Highlighting the characters that have made an impact on us during the Olympics. Visualizing mental health, diversity, inclusion, and equality.

 

 

Anna Kiensenhofer

 

The Austrian cyclist won an incredible victory after a 40-kilometer solo breakaway at the Tokyo Olympics. The Austrian athlete, who works as a scientist at EPFL’s Faculty of Basic Sciences, won the gold medal in the road event at her first participation in the Olympic Games. What an achievement!

Tom Daley

Photos of Daley knitting a pullover were posted all over social media and caught everyone’s attention. Daley said that knitting became his way of “finding calm, mindfulness and to relieve stress.” Along with his diving partner, Lee, Daley produced a stunning performance in the synchronized 10m platform to take the gold medal, he said:  “I feel incredibly proud to say that I am a gay man and also an Olympic champion. When I was younger I didn’t think I’d ever achieve anything because of who I was. To be an Olympic champion now just shows that you can achieve anything.” Daley is an inspiration for thousands who can now look up to him!

Rebeca Andrade

Rebeca Andrade became the first Brazilian woman to win the gold at the artistic gymnastics. Despite the long layoff ahead of her competition, Andrade was ready to compete again in June. Andrade said she worked with a psychologist on mental rehearsal, visualizing performing her elements under the immense pressure of the Olympic qualification. But part of that mental strength came also from having learned about herself during the pandemic. “I think the first thing I learned doesn’t have a lot to do with gymnastics, but it’s about talking to the people you love and showing it to them, because you don’t know if you’re going to be here tomorrow,” said the 22-year-old. The young gymnast came from a simple family, and as a black women she faced a lot of difficulties in her life to get where she is now and became another great inspiration for the Brazilian youth.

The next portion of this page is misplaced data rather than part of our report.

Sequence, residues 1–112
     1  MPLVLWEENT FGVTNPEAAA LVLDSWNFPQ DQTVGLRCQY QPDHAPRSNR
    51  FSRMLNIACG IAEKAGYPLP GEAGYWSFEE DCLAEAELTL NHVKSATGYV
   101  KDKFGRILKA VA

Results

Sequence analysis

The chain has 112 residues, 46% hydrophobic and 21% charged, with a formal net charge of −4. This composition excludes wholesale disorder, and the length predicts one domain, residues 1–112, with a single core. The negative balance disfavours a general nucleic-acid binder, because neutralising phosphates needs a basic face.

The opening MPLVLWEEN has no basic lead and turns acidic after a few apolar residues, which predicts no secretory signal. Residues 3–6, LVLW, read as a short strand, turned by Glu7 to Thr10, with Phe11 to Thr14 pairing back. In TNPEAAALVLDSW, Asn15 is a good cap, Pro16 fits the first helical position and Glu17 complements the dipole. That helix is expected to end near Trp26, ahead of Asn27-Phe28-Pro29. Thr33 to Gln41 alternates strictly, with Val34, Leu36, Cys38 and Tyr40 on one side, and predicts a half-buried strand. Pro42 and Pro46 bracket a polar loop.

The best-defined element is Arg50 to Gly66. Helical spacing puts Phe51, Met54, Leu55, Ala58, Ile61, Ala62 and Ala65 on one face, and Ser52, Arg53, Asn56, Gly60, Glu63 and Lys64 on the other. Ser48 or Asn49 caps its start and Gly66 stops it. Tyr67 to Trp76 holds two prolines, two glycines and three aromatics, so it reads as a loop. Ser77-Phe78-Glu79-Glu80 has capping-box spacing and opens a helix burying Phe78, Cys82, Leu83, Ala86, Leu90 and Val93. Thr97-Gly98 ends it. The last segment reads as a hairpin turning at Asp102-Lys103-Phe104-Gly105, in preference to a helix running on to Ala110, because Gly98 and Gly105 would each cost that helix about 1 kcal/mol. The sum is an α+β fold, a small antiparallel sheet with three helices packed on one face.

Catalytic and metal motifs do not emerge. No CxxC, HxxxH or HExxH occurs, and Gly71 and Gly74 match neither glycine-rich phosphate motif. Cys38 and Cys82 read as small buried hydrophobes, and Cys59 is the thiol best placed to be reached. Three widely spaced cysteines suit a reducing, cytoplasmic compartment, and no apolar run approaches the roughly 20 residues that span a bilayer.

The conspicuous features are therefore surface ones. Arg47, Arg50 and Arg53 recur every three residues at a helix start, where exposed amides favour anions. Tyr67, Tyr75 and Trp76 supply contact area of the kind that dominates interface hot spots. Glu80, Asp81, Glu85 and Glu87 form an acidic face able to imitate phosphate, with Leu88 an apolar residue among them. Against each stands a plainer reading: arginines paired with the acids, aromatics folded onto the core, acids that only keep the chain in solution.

Raven Saunders

US athlete Raven Saunders, 25, made a visual display of pride and protest after taking silver in the shot put. Standing on the podium, she lifted her arms above her head to form an “X” with her wrists. When asked what that meant, she said, “It’s the intersection of where all people who are oppressed meet.” Saunders, who came out to her mother in third grade and has described herself as a “Flaming Gay” on social media. Her success in Tokyo comes after difficult years, when she struggled with depression and contemplated suicide. Saunders’ openness around her mental health, like that of fellow Black athletes Simone Biles and Naomi Osaka, has contributed to a larger reckoning around the issue. She says her mission today, is “to show younger people that no matter how many boxes they try to fit you in, you can be you and you can accept it. Another great inspiration !

Congratulations to all the athletes, who even during difficult times were still able to go out there and proudly represent their countries!

At HEMEX, we can’t wait to see more inspirational stories also coming from the Paralympics games in the coming weeks.

 

About HEMEX

HEMEX is committed to changing the future of healthcare by guiding the most promising European start-ups through each and every step to bring innovative pharmaceuticals, medical devices, and in vitro diagnostics to the market. Headquartered close to the thriving Basel global Life Sciences hub, the goal at HEMEX is to ensure start-ups have access to a wide range of tailored products, practical solutions, and fundraising support. This empowers the next generation of transformative discoveries to grow into successful and sustainable businesses, and drive change in both human and animal healthcare. For more information, visit https://hemex.ch/

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